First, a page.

Searching for Hawaii — Part I

From my experience, the amount for the SEA spend varies according to client and this is also true across geographical locations. There seems to be an unsupported trend that companies in Hawaii do not wish to spend substantial dollars for any online marketing program, while companies in Seattle or Chicago are willing to spend millions of dollars a year just to gain that extra leverage over their nearest competitor. If this is the case, why isn’t Hawaii taking advantage of it? You would figure that one of the world’s most popular tourist destinations should utilize this program to help gather a wider audience. We’re not talking about SEO here, folks…we’re talking about how to get your names listed on Google, Yahoo!, Microsoft, AOL Search, Ask.com, and more! Through the wonderful world of SEA (or more commonly referred to these days as Search Engine Marketing, or SEM), companies can buy keywords they know their customers are typing in when searching for a tourism spot.

Don’t know how to find out what your customers are typing in on the search engines? Ask them! When you have a content customer, ask them when they check-out of your hotel or call with some praise/feedback, and if they said they were looking online, ask them what they typed in. Don’t be shy…use this first-hand knowledge and reward them for their service through a discount or something — a present that will make them feel appreciated. That way they will not only be your primary data, but also a repeat customer…and isn’t that what everyone wants? After obtaining this data, be sure to go do some digging online and see where your company shows up and note it down. Then go and see where your competitors show up. If they are higher than yours, ask yourself why. Is it because their website has more information about that particular keyword? Are they utilizing an SEA approach? You can’t really tell about that. But, what you can do is go ahead and do some investigating and see what it would take for you to get on board and perhaps jump out ahead of everyone else in Hawaii.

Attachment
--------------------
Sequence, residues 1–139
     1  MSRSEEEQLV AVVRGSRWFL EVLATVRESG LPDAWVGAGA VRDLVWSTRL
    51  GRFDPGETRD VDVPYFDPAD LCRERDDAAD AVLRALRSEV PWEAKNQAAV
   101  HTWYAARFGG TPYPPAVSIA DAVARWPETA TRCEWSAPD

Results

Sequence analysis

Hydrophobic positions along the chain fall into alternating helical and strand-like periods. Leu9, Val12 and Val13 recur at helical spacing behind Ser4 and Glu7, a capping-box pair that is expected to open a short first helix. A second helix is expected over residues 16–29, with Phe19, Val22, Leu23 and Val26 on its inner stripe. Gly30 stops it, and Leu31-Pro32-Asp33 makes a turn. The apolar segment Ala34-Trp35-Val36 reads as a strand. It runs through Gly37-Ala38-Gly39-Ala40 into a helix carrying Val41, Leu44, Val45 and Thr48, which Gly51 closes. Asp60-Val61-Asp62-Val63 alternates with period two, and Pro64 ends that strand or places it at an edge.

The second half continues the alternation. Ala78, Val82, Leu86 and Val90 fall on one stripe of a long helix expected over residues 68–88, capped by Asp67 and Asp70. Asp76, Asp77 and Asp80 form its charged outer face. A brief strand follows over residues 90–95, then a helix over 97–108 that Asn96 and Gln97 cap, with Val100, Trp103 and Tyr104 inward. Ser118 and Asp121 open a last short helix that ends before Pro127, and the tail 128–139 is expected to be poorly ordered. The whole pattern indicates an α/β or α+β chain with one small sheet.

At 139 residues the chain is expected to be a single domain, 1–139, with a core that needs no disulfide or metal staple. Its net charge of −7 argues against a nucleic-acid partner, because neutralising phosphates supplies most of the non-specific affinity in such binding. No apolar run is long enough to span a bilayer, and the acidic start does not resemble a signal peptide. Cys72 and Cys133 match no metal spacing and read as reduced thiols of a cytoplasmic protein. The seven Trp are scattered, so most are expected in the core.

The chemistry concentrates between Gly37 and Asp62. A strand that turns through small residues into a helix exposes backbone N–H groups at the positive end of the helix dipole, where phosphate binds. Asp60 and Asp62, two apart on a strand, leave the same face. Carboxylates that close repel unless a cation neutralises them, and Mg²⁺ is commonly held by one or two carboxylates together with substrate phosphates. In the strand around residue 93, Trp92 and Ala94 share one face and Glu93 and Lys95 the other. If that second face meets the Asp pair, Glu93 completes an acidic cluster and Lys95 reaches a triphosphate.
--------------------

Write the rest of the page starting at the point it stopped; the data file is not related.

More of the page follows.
By Ken Yeung

Ken Yeung is a journalist fascinated with the stories of the tech industry and internet culture. He's currently the Technology Editor at Flipboard, where he observes what's happening in the space while also identifying new topics of interest. In addition, he co-hosts the weekly internet show "The Created Economy," which focuses on what's happening to creators and influencers. Previously, he was a reporter for VentureBeat and The Next Web, covering tech startups, the industry's innovations and funding. Ken also has a newsletter you should also subscribe to called "Filed."